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Pfizer’s drug back on the market after proving safety

Published on 05/09/17 at 10:06am

Back in 2000, Pfizer had a drug that was granted accelerated approval for the treatment of acute myeloid leukaemia (AML) and was continued to be used for 10 years. However, when Pfizer published its supposed confirmatory trial of the efficacy of the drug, they fell short by a long way. The pharma giant was forced into an embarrassing voluntary withdrawal and serious questions were raised about the accelerated approval pathway.

Now, 17 years after its first approval, Mylotarg has been given a second shot. It has been approved for use in adults with newly diagnosed CD33-positive AML, and is also the first therapy to be given an indication in paediatric AML.

The approval was based on the data from several studies, which found Mylotarg alongside chemotherapy to be superior to chemotherapy alone. In particular, the ALFA-0701 trial found that event-free survival for patients receiving Mylotarg and chemotherapy achieved event-free survival of 17.3 months against 9.5 months in patients receiving solely chemotherapy.

Further than this median overall survival was improved in the AML-19 study in patients who were unable to tolerate other AML therapies, with 4.9 months through the use of Mylotarg and 3.6 month with the next-best standard therapy.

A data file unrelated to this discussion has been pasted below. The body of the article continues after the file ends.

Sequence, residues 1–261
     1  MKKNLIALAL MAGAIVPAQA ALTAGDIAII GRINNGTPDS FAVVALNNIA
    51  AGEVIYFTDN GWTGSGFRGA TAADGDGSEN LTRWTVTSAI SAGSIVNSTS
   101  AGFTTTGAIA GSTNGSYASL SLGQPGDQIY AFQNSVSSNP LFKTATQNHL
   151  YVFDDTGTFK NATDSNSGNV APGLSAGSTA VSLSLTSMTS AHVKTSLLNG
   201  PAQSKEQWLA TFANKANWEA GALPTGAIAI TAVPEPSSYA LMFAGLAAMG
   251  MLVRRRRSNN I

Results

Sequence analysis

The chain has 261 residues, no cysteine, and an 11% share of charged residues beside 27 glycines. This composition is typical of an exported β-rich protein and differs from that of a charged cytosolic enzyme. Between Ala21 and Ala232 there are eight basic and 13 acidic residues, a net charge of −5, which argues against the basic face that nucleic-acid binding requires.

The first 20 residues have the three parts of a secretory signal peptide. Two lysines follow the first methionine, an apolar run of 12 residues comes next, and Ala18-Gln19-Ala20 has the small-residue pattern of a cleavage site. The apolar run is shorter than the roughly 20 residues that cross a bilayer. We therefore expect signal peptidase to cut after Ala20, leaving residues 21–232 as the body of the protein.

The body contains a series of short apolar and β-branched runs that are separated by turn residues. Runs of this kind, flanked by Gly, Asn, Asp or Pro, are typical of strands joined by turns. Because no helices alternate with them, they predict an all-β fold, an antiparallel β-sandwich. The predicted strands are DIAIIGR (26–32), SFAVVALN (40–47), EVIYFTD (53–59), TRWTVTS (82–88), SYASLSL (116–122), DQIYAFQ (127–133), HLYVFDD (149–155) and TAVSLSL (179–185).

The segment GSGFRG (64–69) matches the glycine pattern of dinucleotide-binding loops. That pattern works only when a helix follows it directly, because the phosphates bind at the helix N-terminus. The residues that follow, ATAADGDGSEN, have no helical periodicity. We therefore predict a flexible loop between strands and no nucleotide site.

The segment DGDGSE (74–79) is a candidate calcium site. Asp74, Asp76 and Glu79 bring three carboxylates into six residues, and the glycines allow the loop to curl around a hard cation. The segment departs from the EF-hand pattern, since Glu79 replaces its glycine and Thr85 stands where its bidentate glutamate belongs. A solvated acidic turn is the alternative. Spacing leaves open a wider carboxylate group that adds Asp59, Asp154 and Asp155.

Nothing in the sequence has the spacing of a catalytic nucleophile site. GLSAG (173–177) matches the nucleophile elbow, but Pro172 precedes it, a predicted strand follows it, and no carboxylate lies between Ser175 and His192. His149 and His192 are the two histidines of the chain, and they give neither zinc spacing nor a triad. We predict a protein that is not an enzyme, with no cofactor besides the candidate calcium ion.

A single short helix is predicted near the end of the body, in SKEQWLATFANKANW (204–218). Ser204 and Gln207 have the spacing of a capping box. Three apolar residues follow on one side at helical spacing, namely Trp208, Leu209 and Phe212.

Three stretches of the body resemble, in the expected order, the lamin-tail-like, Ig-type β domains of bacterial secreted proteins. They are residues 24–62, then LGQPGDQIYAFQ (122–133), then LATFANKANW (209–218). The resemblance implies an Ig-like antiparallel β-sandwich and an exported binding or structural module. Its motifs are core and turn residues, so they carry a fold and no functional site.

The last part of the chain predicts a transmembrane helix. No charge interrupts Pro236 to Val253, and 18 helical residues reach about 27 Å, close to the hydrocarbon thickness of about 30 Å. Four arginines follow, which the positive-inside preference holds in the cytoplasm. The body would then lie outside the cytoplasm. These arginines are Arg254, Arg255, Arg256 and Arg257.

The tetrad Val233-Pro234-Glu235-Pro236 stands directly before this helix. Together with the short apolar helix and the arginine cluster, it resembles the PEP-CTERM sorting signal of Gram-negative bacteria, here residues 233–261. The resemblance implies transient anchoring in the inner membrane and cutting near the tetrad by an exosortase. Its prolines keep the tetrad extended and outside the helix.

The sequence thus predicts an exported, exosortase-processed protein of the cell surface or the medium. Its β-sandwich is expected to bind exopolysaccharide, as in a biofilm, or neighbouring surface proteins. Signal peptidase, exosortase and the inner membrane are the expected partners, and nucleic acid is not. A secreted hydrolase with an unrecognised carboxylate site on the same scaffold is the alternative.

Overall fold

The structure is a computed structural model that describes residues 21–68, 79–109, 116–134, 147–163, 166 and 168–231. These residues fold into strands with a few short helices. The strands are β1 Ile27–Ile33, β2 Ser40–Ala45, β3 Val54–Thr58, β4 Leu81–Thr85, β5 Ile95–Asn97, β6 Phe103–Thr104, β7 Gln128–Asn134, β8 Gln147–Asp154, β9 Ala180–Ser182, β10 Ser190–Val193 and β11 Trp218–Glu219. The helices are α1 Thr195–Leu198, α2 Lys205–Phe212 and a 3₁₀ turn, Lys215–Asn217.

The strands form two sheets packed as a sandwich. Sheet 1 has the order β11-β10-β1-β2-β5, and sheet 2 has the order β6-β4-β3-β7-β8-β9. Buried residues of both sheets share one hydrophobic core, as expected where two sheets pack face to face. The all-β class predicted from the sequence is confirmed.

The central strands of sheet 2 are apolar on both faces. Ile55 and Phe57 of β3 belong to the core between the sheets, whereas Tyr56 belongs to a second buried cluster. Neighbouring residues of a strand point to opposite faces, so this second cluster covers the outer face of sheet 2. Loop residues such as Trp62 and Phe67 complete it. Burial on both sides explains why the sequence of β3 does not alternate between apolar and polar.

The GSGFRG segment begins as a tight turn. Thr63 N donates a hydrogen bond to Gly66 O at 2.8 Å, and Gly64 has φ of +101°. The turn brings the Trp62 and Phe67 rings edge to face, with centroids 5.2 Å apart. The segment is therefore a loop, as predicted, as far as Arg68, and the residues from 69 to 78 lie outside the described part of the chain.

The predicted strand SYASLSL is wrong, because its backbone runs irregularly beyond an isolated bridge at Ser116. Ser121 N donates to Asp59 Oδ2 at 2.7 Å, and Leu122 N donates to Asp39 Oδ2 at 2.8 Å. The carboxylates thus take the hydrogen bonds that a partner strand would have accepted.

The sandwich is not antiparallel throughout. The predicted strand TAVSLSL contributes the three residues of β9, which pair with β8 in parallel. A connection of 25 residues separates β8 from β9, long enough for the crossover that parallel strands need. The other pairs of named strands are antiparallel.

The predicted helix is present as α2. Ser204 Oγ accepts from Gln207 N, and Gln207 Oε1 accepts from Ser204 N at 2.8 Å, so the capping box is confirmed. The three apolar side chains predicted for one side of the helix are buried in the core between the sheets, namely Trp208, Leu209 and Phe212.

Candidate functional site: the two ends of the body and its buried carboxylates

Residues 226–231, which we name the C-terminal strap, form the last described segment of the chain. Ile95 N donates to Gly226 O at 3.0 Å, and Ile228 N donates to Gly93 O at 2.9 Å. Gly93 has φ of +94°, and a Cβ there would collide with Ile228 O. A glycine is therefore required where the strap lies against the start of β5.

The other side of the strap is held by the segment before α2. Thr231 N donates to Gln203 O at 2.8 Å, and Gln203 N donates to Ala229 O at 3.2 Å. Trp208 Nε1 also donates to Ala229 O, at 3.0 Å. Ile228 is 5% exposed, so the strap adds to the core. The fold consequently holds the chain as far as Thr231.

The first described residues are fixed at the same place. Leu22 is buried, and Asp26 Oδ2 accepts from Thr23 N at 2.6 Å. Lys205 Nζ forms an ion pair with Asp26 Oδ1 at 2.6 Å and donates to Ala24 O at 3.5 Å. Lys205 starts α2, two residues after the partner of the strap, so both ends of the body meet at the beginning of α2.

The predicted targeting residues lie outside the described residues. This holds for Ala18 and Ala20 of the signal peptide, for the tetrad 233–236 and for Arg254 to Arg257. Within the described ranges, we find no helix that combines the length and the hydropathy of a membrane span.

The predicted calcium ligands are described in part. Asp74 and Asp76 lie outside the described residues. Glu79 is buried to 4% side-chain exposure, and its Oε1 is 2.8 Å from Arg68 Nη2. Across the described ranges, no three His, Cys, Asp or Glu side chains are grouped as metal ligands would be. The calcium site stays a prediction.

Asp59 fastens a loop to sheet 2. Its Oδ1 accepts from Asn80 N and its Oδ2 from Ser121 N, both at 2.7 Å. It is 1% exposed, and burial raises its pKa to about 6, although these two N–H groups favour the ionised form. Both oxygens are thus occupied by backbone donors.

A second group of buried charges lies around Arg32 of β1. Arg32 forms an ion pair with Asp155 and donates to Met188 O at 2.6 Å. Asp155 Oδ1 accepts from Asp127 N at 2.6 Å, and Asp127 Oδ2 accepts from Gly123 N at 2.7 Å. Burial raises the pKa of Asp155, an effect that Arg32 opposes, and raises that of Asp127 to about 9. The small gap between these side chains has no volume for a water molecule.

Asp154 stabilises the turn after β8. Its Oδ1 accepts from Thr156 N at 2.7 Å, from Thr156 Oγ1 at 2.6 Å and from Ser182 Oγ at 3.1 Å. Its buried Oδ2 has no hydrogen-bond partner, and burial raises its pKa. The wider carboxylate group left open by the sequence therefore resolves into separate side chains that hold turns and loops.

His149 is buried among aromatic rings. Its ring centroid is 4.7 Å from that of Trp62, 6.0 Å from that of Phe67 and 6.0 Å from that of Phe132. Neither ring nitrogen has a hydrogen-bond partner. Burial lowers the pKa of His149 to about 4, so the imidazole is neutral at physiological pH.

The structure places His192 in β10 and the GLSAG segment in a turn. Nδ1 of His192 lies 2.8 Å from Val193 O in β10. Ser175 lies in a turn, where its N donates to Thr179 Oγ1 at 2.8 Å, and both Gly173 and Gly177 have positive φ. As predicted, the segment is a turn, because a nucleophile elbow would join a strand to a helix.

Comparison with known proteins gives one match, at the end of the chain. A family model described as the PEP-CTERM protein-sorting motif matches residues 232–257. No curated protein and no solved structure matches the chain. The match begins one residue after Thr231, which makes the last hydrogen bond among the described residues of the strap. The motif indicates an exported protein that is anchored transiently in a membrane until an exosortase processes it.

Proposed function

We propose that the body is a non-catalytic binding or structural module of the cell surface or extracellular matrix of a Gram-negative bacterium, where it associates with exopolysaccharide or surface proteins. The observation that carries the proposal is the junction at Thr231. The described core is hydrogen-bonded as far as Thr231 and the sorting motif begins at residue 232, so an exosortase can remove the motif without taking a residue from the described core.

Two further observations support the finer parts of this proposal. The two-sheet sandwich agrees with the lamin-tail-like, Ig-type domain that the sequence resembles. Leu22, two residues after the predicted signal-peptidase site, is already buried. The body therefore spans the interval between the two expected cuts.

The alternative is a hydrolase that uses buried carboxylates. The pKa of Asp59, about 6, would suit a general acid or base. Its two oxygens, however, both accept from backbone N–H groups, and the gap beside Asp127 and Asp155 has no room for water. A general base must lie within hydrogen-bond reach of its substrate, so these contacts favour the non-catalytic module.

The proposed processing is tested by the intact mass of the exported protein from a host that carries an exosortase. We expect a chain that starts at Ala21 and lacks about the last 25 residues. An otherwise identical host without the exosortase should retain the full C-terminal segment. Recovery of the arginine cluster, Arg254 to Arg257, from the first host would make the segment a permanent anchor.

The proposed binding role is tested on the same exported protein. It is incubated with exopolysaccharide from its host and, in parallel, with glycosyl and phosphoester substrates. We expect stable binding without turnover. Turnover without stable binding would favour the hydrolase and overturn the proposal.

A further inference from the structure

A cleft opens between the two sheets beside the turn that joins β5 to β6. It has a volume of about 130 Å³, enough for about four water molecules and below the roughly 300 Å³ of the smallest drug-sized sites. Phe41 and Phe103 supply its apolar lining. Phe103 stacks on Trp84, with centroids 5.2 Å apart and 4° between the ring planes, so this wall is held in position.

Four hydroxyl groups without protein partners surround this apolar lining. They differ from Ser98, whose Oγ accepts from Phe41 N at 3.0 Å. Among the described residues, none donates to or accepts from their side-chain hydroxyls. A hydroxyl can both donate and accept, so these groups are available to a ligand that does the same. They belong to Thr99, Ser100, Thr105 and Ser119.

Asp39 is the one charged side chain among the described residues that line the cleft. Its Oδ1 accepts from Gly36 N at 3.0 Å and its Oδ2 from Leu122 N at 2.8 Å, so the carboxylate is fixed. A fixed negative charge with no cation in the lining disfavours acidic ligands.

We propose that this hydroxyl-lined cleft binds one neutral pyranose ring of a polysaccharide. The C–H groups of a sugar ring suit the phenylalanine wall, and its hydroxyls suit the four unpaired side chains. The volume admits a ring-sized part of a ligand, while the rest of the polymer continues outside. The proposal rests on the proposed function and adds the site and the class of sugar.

Across all uses, Pfizer has revised the recommended dose of the drug – lowering it from previous levels seen in the 2000 approval – and also changing the dosing schedule.

“The FDA approval of Mylotarg fills a critical unmet need for many adults and children with AML, which can be fatal in a matter of months or even weeks if not treated and has a high relapse rate,” said Liz Barrett, Global President, Pfizer Oncology. “Based on clinical data, real-world experience and support from the AML community, we are grateful Mylotarg now has the potential to help a broad range of AML patients.”

Ben Hargreaves

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